Choosing a dedicated server hosting provider – Part 2: A Focus on Availability
Okay, I admit - choosing a dedicated server hosting provider is not easy, hence the reason I had to write two blog posts instead of one. That and I received a lot, and I mean a lot, of feedback from industry leading dedicated server hosting providers. I know all of them well and what makes the companies they represent different from other hosting providers. But instead of me rambling on about what I think is best, read on to learn what each of them had to say in my initial interview. Then choose the dedicated sever hosting provider that’s right for you, your business, and your organization.
And if you did not read Choosing a dedicated server hosting provider - Part 1: A Focus on Support yet, do it now so you can pick up where we left off in the previous post.
Real company, or not
It may sound ‘funny’ to say a reputable tangible real company, but the reality is that there are thousands upon thousands of web hosting companies out there, most of which claim to offer dedicated servers but are really just 1-man operations working out of their parent’s basement. Check up on the company you might purchase from. Take a look at the better business bureau for a report on the company and see if they even are a company. It’s real easy over the Internet to look like a big multi-million dollar company, and consumers often can make an un-informed choice that leads to trouble down the road. You may see promises of money back guarantees, service level guarantees and satisfaction guaranteed (which should always be present), but the real proof is finding if there is a company behind those promises to back it up and has an independently verified positive track record.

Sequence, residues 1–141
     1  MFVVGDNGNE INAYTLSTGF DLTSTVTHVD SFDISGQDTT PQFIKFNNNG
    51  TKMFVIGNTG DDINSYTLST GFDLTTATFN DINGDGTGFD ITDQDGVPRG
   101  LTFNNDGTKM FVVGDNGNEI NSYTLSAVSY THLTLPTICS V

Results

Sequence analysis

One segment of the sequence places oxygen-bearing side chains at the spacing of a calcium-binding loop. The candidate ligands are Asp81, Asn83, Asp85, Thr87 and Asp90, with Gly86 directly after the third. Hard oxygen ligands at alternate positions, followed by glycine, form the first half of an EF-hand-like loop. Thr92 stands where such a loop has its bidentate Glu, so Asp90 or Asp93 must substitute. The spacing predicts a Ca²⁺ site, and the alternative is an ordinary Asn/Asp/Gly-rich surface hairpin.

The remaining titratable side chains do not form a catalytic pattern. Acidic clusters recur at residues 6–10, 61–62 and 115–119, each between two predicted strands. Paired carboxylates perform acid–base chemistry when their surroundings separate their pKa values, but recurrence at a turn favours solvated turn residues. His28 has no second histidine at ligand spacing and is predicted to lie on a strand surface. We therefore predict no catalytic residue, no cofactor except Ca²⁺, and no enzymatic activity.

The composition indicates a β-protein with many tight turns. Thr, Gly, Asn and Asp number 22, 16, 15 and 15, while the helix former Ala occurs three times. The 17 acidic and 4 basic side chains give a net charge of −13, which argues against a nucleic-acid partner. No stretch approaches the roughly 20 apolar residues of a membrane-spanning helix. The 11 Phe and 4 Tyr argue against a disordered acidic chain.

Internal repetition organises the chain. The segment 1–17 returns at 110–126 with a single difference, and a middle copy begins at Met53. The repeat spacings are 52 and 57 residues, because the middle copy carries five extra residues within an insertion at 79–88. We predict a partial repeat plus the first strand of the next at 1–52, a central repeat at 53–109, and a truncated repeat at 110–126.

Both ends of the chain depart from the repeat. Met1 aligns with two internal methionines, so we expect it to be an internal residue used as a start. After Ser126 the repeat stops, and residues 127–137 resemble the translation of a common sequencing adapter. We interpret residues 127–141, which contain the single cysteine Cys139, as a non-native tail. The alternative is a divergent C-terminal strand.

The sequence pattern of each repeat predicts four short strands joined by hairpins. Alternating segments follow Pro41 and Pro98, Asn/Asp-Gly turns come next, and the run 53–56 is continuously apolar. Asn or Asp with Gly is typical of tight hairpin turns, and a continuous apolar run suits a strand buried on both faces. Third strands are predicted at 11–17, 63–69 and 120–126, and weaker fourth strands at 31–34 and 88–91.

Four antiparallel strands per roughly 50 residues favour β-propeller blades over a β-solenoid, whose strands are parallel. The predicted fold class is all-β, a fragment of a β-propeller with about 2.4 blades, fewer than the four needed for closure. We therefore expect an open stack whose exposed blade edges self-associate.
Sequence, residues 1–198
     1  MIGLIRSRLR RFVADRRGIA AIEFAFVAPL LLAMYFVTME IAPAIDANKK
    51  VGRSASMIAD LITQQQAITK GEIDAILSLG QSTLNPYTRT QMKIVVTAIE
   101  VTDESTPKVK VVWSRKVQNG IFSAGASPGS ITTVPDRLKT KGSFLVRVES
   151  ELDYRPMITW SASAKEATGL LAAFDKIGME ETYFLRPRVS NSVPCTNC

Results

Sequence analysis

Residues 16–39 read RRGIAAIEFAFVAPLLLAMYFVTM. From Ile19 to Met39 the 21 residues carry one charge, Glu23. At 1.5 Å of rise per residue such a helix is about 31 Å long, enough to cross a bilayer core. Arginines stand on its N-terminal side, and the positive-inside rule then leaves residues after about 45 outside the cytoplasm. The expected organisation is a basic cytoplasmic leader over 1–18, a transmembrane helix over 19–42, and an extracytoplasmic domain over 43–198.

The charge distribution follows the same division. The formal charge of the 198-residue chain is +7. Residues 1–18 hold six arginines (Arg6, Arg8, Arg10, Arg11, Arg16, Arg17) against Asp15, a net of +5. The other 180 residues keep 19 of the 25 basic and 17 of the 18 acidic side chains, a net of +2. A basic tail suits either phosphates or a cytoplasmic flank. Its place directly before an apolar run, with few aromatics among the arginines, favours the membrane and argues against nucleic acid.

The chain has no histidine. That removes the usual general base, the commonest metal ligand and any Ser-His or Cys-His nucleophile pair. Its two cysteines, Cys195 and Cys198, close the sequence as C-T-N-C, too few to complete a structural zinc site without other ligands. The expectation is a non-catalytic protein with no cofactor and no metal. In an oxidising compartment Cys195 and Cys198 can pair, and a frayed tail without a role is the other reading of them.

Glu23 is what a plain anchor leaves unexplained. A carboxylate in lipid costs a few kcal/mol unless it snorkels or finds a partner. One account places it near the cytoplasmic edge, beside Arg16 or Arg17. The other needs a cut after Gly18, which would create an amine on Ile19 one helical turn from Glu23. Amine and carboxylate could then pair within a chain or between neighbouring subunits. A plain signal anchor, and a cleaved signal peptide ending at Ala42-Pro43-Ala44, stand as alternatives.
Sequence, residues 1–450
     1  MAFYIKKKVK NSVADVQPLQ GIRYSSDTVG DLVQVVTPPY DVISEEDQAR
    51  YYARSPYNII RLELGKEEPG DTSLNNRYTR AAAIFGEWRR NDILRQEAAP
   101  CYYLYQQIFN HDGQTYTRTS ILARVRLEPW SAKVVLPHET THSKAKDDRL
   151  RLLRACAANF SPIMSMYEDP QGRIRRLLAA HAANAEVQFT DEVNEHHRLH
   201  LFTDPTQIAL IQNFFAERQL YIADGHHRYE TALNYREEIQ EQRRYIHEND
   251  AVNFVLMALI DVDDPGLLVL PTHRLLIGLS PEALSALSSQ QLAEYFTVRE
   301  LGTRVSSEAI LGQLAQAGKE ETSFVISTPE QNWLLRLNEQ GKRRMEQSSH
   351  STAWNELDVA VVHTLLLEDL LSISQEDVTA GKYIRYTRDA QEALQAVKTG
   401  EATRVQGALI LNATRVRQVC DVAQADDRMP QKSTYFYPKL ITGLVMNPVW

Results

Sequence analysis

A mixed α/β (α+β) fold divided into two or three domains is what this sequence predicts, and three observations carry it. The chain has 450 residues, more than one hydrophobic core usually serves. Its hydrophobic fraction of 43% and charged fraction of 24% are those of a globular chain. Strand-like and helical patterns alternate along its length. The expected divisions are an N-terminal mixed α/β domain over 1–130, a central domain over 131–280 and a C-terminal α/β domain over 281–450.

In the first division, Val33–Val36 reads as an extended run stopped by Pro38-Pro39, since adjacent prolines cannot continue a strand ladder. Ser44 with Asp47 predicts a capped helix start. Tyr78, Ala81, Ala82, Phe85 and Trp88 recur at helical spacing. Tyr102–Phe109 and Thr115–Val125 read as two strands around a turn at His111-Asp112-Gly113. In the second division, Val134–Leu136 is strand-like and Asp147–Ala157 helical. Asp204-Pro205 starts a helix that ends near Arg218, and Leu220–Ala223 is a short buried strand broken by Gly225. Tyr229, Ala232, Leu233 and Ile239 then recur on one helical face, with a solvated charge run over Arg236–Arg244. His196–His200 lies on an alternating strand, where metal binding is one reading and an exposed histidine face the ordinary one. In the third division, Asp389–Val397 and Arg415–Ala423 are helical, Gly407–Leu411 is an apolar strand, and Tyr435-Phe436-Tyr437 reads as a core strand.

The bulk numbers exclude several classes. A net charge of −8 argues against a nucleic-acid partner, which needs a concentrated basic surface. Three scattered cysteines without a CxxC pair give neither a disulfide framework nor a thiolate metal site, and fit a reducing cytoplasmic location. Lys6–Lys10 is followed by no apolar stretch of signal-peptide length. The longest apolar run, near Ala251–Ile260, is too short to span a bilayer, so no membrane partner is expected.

Hosting companies report that time and time again, potential customers are scared to purchase from anyone because their last ‘dedicated server company’ went out of business last night and their servers and web sites are gone. In reality, they had purchased through a reseller that was not even a real company. When a reseller stops paying their bills - all the customers of that reseller can suddenly have their servers disconnected by the data center that owns the infrastructure. Deal directly with the company that owns the servers and you not only will get a better price but you also will avoid extra delays when you need support by avoiding the middle man.